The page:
"They had a board in there, and they had a countdown," CJ coach Mike Barhorst said. "It was 78 or 80 days or whatever when we started it."
» PHOTOS: CJ vs. CHCA
On Friday before a Division II regional championship game against Cincinnati Hills Christian Academy, Barhorst reminded them of the countdown.
"One day left until we make it to Huntington," Barhorst said.
The Eagles really have to wait another week, but after beating CHCA 5-4 at Mason High School, they will get the chance to avenge that 4-0 loss to Tallmadge in the state title game, and this time, Tallmadge will be opponent in the semifinals. The teams play at 7 p.m. Friday in Columbus.
The other state semifinal in Division II will pit Circleville against Wapakoneta or Ontario, who play their regional final at 1 p.m. Sunday.
Tallmadge beat Canfield 17-0 on Friday to win its regional. Chaminade Julienne didn't have quite the same easy night. For the second straight day, it experienced a dramatic seventh inning in Mason.
The Eagles gave up a game-tying run to Columbus Bishop Hartley in the top of the seventh inning Thursday before winning the regional semifinal on a walk-off single by Sebastian Gongora in the bottom of the inning. This time, after scoring two runs in the bottom of the sixth on a throwing error, CJ had a 5-2 lead entering the seventh.
Nick Wissman walked the lead-off batter but then struck out the next two batters. After another walk, CHCA’s Lucas Rotello doubled to left field, scoring two runs.
With the tying run on second, however, Wissman got a groundout to second baseman A.J. Solomon to end the game.
“With a three-run lead, I thought we were going to be in pretty good shape, and then the next thing you know ...,” Barhorst said. “I had a lot of confidence Nick was going to get out of that, but it’s a little too close for comfort.”
Wissman took over in the sixth inning after five solid innings by Gongora, who struck out four and allowed two earned runs. Wissman retired the side in order in the sixth and earned the save in the seventh.
“Sebastian didn’t have his breaking ball early on, but he was still fighting through with his fastball and making good pitches,” Barhorst said. “Nick came in, and I kind of wanted to change things up. I didn’t want to give them another look at Sebastian just in case they started figuring him out. Just to change their view a little bit, I brought in the right-hander, throwing a little harder. It worked out.”
Chaminade Julienne fell behind early for the second straight day but didn’t trail for long. Ryan Peltier hit a solo home run in the bottom of the first to tie the game.
“We gave them that one run in the first inning on another error,” Peltier said. “I watched a ball go by and was expecting fastball. I hopped on it and let it fly.”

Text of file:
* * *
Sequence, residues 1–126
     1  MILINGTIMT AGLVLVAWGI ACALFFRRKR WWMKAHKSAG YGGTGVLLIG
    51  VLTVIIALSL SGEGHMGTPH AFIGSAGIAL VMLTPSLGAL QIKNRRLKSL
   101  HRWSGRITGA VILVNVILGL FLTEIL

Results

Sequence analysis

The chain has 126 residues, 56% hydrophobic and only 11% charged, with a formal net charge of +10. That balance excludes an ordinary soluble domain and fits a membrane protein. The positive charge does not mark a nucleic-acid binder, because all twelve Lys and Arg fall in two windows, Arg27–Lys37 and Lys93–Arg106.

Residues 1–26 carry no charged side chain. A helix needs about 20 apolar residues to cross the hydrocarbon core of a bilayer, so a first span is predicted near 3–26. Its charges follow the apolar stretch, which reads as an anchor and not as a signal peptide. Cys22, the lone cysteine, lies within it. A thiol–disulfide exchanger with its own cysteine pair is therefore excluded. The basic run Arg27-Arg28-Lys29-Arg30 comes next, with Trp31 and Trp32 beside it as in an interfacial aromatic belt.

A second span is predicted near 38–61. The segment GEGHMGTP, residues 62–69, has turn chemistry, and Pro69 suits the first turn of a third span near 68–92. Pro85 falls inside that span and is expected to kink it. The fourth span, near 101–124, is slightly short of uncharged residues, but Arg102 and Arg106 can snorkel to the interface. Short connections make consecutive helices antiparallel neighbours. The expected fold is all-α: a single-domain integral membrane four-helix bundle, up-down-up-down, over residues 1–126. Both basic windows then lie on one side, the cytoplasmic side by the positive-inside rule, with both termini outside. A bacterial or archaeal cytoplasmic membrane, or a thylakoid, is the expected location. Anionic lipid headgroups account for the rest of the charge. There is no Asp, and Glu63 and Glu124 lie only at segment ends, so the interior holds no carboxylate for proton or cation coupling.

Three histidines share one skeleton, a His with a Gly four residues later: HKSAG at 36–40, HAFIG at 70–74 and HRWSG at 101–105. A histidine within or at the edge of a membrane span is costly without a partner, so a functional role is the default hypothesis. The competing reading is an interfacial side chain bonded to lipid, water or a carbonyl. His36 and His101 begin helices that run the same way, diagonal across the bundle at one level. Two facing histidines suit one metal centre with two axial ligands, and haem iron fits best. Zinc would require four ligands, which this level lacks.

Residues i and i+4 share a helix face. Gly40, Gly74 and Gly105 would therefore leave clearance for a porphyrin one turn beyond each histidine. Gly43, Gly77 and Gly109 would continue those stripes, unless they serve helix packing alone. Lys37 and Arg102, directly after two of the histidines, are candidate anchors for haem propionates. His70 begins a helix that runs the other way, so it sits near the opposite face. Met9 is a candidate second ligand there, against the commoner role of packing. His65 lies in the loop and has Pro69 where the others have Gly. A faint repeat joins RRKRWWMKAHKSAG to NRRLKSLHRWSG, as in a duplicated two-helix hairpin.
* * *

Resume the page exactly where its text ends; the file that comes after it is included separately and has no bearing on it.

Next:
» REGIONAL TRACK: Northwestern takes two of top three spots in discus
In the second inning, Chaminade Julienne took a 3-1 lead. A single by David Ernst scored Solomon. A double by Ben Thomas scored Ernst.
Chaminade Julienne had chances to extend the lead in the next three innings, stranding a total of eight runners and leaving the bases loaded in the fourth and fifth.
In the sixth, Andrew Simones and Peltier walked to lead off the inning. Wissman put down a sacrifice bunt, and the catcher threw the ball past first base, allowing two runs to score as CJ extended its lead to 5-2. It needed both runs to earn its second straight trip to Columbus.
“We wanted to get back,” Peltier said. “We knew we had the team to get back. We just had to take it game by game.”
Chaminade Julienne advances to face Tallmadge in state semifinals at 7 p.m. Friday in Columbus. Tallmadge best CJ in title game a year ago. @cjeaglesBB @BarhorstMike @daytonsports @MarcPendleton pic.twitter.com/MydfHIc2NW— David Jablonski (@DavidPJablonski) May 25, 2018
Back in the second, David Ernst drove in the first run for CJ and scored the second run. pic.twitter.com/zSRaXdYTLp— David Jablonski (@DavidPJablonski) May 25, 2018
Ryan Peltier homers for CJ, tying CHCA 1-1 in first. pic.twitter.com/S4p1rcEuDd— David Jablonski (@DavidPJablonski) May 25, 2018
Published: Friday, May 25, 2018 @ 2:30 PM
— Wright State coach Jeff Mercer used an unusual, yet thoroughly accurate word to describe his slight-framed starting pitcher Friday afternoon.
“That guy’s a monster,” Mercer said of Caleb Sampen after the lanky, 185-pound sophomore took a no-hitter into the seventh inning of the winners bracket final of the Horizon League tournament.
Sampen lost his no-hit bid with two outs in the seventh on a solid single to left, but WSU had a double-digit lead by then, well on its way to a 10-1 triumph of UIC at Nischwitz Stadium.
“Going in I knew they were a very well-pitched, well-coached team so it was going to be a pitchers’ duel,” Sampen said. “So we talked about mixing early all of my pitches and getting everything in the zone. Just make them beat you. Being able to throw all my pitches for strikes was probably the biggest thing today.”